While I can understand the benefits when it comes to safety and more efficient traffic flows, the concept of driverless cars has always been unsettling to me. Now, with the news that Nissan plans to sell such vehicles by 2020, the concept is that much closer to becoming reality. Holman Jenkins ponders the implications of this looming reality and what it means for society When Your Car Is Spying on You:
Meanwhile, the real threat to our autonomy gathers speed. "Autonomous" vehicles are part of the threat—because they won't be autonomous at all.
This column has warned for years about plate-recognition cameras, increasingly armed with face-recognition capabilities, that will make it impossible to go anywhere or do anything in public without being monitored. Ann Arbor, Mich., is a federal test bed currently for a network of receivers to which experimentally-equipped vehicles report 10 times a second their position, speed and other data to central computers.
Nearly every car trip Britons take already is recorded and saved by networked plate recognition camera. Yes, there is umbrage. The government's information commissioner recently chided the rural village of Royston for its "ring of steel," a network of cameras enclosing the town.
But the future is coming anyway. Nothing is stopping private operators from creating databases of plate numbers, faces and identities—crossed referenced by matching photos you and others post online on your Facebook profiles and elsewhere.
These will be indexed by place of residence. Stores will know who you are the minute their cameras catch your plate arriving in their parking lots.
The real battle will be between us and us. The population is aging. An older, more timid society is likely to be in favor of penning up fellow citizens in a mesh of monitoring to regulate routine behavior.
The authoritarianism of the weak, always a problem in society, will find an ally in the bureaucracy's craving for resources. Traffic cameras in Britain as well in Los Angeles and other jurisdictions overwhelmingly ring up drivers for offenses that wouldn't trouble a cop.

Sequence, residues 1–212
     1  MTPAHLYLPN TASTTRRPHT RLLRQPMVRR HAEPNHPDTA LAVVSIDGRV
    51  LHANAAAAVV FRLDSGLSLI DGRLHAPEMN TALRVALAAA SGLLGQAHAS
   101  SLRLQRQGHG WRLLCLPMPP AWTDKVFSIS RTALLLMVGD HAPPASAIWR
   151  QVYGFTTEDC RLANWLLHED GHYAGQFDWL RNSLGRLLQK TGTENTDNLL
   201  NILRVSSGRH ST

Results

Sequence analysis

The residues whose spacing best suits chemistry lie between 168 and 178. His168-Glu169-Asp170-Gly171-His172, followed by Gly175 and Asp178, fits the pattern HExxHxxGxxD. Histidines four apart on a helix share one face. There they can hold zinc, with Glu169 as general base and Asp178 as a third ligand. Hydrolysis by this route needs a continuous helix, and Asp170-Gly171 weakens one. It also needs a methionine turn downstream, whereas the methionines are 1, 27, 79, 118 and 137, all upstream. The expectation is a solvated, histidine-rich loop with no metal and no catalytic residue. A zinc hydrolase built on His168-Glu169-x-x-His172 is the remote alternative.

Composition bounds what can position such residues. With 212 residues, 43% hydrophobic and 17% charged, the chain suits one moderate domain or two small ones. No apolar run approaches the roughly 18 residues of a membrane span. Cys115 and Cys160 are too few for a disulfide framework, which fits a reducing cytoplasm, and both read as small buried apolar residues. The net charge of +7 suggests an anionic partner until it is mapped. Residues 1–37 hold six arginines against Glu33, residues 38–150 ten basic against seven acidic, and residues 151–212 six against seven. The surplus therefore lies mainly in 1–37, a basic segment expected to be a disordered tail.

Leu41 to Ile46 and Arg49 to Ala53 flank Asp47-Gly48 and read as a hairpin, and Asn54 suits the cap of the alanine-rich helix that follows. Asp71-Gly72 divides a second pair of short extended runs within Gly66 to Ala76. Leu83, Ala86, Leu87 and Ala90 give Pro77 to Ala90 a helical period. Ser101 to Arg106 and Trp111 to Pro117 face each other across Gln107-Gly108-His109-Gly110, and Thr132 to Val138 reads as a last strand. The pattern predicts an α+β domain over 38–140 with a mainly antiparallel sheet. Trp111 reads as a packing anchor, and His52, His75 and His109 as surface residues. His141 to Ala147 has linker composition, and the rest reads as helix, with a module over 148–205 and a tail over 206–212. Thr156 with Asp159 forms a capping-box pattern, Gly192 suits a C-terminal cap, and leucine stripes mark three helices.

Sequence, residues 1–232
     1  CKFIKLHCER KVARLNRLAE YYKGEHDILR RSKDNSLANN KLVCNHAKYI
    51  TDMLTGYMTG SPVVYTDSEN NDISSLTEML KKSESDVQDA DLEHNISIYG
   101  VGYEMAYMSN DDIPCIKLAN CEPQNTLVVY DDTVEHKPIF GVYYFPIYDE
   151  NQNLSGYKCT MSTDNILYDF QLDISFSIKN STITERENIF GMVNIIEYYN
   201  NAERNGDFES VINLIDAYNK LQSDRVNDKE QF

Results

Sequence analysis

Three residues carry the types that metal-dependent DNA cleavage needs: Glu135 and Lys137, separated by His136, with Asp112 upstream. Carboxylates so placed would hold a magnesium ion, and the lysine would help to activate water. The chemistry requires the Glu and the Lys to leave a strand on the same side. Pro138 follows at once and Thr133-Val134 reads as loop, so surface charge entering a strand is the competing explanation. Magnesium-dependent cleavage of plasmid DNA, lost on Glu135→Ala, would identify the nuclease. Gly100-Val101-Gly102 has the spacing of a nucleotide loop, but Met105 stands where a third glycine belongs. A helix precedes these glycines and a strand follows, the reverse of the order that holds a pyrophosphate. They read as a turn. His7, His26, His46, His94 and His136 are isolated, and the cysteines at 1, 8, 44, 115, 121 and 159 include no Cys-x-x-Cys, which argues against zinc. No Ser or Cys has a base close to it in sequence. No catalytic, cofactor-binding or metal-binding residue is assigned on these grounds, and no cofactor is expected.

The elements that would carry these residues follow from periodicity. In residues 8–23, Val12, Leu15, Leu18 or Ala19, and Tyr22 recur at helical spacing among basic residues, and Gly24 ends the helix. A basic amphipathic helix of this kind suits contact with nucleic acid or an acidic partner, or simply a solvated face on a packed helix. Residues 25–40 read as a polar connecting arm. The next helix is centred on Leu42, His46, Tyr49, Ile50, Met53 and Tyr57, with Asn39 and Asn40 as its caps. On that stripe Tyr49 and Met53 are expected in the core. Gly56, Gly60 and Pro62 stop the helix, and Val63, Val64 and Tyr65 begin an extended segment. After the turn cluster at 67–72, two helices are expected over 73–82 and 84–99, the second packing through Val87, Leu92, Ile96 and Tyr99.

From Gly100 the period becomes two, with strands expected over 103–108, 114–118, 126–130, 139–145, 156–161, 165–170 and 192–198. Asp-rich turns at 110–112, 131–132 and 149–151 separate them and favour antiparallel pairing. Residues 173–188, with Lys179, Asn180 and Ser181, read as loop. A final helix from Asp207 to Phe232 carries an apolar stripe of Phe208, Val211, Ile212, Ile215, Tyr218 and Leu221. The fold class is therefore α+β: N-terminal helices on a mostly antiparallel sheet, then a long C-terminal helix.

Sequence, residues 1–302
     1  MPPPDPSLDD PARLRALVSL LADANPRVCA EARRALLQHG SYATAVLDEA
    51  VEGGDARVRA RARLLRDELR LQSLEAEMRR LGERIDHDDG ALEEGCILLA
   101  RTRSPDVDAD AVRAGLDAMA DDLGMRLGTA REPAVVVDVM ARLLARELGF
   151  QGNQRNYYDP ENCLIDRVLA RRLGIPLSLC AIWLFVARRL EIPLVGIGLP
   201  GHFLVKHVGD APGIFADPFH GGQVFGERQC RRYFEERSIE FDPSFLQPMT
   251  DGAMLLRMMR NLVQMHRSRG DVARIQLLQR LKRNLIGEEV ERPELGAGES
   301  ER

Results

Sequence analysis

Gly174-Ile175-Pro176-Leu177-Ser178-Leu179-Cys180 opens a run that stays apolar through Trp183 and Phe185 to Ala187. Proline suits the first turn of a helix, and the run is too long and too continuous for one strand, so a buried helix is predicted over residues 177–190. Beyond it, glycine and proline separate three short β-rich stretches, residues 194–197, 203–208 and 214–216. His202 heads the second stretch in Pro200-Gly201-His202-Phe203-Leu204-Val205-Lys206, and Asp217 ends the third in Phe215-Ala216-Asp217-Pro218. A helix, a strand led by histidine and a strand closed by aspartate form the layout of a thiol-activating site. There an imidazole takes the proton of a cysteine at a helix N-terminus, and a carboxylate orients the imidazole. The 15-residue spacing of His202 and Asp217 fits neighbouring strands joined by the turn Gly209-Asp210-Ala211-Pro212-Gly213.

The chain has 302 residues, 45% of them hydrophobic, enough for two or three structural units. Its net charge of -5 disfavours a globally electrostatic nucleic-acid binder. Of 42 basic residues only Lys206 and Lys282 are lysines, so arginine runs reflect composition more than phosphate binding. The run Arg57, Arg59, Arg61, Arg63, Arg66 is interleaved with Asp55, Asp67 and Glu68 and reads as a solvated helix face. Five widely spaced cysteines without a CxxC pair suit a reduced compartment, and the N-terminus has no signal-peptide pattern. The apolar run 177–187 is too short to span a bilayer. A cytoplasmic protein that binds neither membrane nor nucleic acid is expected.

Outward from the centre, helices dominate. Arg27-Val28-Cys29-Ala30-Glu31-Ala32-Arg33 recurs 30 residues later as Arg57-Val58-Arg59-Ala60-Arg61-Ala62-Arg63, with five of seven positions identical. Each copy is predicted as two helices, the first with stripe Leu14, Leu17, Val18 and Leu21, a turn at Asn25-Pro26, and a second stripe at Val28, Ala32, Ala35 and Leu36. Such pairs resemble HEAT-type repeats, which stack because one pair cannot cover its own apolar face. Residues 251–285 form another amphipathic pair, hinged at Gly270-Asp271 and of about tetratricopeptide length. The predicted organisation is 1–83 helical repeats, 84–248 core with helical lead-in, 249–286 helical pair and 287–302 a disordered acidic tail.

That rings true for me as I recently was dinged by a traffic camera in the Netherlands for doing 109KM in a 100KM zone. Dutch coworkers informed me that the traffic cameras are regarded by most citizens as nothing more than a way for the government to generate revenue.
New Jersey is just the latest state scandalized by discovery that yellow lights are set below the state minimum in order to yield more red-light camera tickets. London uses its cameras to levy special fees on those who drive SUVs in the city's financial distract.
In some future discrimination or hate-crime lawsuit, will vehicle records be called up to show you locked your doors in a minority neighborhood but not in a white neighborhood? Will the state decide to raise your ObamaCare copays because a face-recognition camera also recognized a cigarette dangling from your lip?
When our every action in space and cyberspace can be monitored and policed, we no longer police ourselves to any meaningful extent. We become not citizens but children. The state is our parent. The real threat is that many of our fellow citizens will like it this way.
Jenkins opines that this creeping authoritarianism-endorsed or at least tolerated by our fellow citizens-is more of a threat to our liberties than anything the NSA is doing and I tend to agree. While I can understand the appeal of the driverless car, I prefer to stay behind the wheel.